Results from the next stage of this project, which will involve analyzing the intensity of the visual stimuli that were recorded, will be presented at an upcoming meeting of the Spanish Neurological Society. The team also plans to assess television broadcasts in other European countries.
To read the poster summarizing the initial findings, click here.
If a neurologist tells you that you don’t need to worry about seizures from electronic screen exposure, because you’re not photosensitive, what does that really mean?
It means that when you were tested for your response to a white strobe light, an EEG didn’t detect a particular abnormal electrical pattern in your brain. (I’ve noted some limitations of this procedure elsewhere.) Epileptology looks for yes or no, typically relying on EEG to rule out epilepsy. If yes, possibly medicate; if no, it’s not a case the clinician will pursue.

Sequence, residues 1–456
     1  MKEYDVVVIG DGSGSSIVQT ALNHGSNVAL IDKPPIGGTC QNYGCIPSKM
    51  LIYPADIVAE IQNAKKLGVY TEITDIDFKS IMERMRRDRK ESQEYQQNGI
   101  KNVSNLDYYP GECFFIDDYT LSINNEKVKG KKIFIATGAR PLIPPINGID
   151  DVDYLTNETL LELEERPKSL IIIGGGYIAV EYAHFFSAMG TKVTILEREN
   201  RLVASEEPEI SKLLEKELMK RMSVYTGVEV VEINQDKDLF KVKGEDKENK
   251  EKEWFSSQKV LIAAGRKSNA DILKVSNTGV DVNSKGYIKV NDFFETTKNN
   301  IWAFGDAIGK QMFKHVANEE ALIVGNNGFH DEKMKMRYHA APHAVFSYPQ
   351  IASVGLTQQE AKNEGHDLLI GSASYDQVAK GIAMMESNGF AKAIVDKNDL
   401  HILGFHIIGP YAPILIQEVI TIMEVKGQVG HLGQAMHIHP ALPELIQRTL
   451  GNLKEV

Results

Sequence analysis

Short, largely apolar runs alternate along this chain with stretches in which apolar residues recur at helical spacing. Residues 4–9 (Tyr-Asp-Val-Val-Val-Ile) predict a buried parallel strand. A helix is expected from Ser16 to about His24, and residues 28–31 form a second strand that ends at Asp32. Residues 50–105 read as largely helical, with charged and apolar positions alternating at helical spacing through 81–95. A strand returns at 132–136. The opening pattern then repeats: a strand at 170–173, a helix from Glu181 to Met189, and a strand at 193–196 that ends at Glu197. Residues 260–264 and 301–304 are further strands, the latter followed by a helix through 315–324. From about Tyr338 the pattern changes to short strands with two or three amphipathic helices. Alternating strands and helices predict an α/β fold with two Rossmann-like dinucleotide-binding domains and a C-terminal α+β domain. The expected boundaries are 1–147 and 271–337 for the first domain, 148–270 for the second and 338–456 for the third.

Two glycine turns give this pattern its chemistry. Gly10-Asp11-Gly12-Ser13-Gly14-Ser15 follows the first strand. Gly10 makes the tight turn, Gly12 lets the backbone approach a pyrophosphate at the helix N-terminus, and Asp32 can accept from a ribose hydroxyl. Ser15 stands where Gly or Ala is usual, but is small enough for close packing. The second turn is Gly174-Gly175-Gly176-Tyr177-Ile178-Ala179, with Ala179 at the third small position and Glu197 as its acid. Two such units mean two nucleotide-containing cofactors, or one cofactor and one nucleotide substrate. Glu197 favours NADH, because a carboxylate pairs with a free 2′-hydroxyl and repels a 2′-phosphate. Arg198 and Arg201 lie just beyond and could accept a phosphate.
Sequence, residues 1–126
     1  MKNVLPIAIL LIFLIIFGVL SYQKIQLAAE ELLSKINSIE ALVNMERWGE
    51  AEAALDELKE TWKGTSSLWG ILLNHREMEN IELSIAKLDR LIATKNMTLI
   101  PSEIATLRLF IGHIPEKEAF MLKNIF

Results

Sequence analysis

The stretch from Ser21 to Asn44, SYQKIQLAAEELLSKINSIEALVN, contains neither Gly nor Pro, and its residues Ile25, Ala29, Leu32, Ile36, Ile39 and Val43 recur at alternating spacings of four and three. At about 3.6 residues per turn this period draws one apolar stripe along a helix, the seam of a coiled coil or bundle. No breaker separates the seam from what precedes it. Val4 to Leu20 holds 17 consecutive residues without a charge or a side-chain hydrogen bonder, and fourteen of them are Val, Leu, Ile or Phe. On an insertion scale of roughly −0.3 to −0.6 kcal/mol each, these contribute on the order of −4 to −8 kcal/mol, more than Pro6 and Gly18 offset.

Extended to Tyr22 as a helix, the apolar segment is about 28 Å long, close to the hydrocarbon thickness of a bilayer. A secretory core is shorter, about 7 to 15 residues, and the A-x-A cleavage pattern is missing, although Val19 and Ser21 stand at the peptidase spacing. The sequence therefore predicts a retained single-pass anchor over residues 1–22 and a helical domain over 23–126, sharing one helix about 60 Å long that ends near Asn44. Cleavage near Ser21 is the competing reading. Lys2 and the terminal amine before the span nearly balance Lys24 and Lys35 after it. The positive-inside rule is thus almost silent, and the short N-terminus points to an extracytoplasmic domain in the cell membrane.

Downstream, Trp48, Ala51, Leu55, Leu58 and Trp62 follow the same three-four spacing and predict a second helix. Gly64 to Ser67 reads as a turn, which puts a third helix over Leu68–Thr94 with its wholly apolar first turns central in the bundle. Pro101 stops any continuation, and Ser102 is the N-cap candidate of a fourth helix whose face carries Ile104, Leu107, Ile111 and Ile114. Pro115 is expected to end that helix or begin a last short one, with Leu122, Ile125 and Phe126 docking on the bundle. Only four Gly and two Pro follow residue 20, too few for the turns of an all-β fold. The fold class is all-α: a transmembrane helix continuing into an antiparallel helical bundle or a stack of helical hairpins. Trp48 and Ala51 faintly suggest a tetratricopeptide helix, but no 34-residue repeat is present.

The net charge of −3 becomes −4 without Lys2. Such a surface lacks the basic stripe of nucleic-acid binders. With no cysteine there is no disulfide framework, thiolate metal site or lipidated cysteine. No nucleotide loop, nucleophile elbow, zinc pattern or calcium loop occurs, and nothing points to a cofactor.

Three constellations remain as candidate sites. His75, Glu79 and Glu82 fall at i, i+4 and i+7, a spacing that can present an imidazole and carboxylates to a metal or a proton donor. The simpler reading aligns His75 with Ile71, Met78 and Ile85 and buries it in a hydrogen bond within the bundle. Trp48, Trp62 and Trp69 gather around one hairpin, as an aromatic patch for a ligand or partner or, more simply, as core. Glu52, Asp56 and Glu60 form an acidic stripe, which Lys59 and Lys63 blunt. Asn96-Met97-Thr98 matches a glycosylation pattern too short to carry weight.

It does not indicate that bright flashing and/or patterns from electronic screens don’t adversely affect your brain function.
Researchers have gradually come to consensus on exactly what the EEG must look like to indicate photosensitive epilepsy (the photoparoxysmal response): certain spike/wave patterns that appear in both brain hemispheres. In arriving at these criteria, researchers excluded three other types of EEG abnormalities that in prior research “qualified” as a photoparoxysmal response. Epilepsy researchers aren’t certain what the significance of these other abnormalities is, but because the other patterns cannot conclusively be associated with epileptic seizures, there’s little interest in further research.